Sediment reservoirs near the mouth of the Susquehanna River are filling up faster than researchers expected, posing a new obstacle for improving water quality in the Chesapeake Bay.
As the holding areas behind the lower Susquehanna's three dams reach capacity, their ability to trap upriver sediment and the phosphorous that is often attached wanes, and the sediment that is held grows more and more likely to flow out of the reservoirs and into the river.
According to a report released by the U.S. Geological Survey (USGS), strong storms, severe flooding and faster-moving water have turned the one-time pollutant blockers into less effective gates.
The Susquehanna delivered more phosphorous and sediment into the Bay last year than it has in more than three decades of monitoring. The past 15 years have seen a 55 percent increase in phosphorous entering the Bay from the river and a 97 percent increase in sediment. And while nitrogen flow has dropped, it shows a jump during large storms--like Tropical Storm Lee in 2011 or Hurricane Ivan in 2004--and the flooding that follows.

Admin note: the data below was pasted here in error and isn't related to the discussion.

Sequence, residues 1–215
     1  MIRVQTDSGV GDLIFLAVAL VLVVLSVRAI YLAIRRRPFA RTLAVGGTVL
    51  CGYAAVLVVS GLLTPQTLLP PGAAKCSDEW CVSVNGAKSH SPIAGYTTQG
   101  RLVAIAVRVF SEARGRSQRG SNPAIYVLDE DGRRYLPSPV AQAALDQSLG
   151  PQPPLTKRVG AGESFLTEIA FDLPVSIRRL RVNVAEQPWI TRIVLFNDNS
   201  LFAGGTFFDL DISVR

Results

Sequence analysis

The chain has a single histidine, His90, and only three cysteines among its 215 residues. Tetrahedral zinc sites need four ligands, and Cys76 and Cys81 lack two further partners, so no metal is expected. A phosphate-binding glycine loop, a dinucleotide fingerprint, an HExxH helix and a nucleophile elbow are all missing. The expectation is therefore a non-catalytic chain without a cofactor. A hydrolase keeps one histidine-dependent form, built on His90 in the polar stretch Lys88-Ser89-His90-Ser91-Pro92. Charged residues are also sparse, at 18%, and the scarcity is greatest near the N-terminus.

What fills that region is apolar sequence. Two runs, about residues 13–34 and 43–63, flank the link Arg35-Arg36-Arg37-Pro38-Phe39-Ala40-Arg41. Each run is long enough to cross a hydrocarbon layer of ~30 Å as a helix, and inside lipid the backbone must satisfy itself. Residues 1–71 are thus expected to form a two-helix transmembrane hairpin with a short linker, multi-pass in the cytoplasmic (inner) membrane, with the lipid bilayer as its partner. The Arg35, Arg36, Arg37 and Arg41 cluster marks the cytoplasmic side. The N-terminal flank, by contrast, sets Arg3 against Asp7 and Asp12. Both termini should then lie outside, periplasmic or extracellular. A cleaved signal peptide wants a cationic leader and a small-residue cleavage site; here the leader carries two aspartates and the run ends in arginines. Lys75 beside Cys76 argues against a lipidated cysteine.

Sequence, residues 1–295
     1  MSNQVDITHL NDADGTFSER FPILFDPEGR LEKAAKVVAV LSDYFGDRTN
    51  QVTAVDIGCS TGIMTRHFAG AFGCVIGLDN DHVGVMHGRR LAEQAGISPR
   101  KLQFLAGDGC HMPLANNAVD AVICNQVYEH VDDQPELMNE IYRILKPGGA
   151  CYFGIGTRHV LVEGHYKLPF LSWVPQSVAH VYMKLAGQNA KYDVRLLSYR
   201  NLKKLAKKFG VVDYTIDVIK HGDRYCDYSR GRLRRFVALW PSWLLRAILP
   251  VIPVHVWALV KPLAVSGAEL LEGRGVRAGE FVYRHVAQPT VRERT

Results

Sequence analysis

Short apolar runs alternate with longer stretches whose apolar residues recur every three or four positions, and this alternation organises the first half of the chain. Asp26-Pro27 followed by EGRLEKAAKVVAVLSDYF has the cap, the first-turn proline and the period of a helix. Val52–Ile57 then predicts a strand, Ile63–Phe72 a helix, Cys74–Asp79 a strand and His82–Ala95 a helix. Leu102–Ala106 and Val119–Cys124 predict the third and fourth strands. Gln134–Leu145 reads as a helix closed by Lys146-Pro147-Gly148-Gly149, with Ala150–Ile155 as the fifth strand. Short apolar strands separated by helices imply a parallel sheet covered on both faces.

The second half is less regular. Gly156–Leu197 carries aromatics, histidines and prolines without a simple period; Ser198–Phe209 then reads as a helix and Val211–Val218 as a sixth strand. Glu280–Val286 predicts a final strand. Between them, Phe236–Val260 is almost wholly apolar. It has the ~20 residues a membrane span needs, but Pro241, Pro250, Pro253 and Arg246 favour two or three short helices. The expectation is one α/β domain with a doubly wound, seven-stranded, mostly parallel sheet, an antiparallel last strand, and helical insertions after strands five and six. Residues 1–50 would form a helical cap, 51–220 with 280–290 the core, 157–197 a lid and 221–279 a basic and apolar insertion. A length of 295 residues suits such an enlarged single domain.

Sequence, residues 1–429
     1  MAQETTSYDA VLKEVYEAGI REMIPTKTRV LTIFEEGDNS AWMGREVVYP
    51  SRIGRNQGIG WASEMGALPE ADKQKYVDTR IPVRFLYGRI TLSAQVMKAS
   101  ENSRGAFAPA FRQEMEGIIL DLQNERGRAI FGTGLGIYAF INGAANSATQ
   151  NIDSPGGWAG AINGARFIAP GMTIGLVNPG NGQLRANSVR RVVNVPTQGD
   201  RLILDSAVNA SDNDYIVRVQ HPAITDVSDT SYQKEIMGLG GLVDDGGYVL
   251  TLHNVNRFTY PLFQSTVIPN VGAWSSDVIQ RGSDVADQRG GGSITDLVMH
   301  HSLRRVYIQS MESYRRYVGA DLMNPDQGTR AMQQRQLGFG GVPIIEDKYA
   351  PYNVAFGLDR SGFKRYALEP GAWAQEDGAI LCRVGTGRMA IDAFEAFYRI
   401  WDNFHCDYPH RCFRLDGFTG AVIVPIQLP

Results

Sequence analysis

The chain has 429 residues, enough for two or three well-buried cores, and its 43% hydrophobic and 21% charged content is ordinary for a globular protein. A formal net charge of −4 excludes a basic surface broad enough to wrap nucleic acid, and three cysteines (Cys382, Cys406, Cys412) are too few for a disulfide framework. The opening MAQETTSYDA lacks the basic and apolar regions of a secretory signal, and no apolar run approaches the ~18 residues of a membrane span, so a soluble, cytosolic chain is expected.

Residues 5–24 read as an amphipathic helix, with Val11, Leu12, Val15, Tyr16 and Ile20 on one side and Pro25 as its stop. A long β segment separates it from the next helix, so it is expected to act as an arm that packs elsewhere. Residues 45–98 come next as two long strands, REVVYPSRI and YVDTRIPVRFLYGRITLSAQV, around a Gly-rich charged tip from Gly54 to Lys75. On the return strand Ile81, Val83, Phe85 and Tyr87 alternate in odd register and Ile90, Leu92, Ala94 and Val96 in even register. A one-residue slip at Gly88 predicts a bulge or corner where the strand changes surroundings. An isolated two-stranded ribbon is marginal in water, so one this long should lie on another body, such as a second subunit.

Excess nutrients and sediment can harm fish, shellfish and underwater grasses. Nitrogen and phosphorous fuel the growth of algae blooms that rob water of oxygen and, with suspended sediment, cloud the water and block the sunlight that plants need to grow.
A previous USGS report cited improvements in nutrient and sediment trends as a sign of improving Bay health. The USGS has seen significant reductions in nutrient and sediment concentrations upstream of the reservoirs, which reflect the positive impacts of conservation efforts in the Susquehanna watershed. But the filling reservoirs behind the Safe Harbor and Holtwood dams in Pennsylvania and the Conowingo Dam in Maryland overshadow the pollution reduction progress that is being made.
The Lower Susquehanna River Watershed Assessment team, composed of federal, state and regional partners and administered by the U.S. Army Corps of Engineers, is exploring ways to expand the reservoirs' capacity.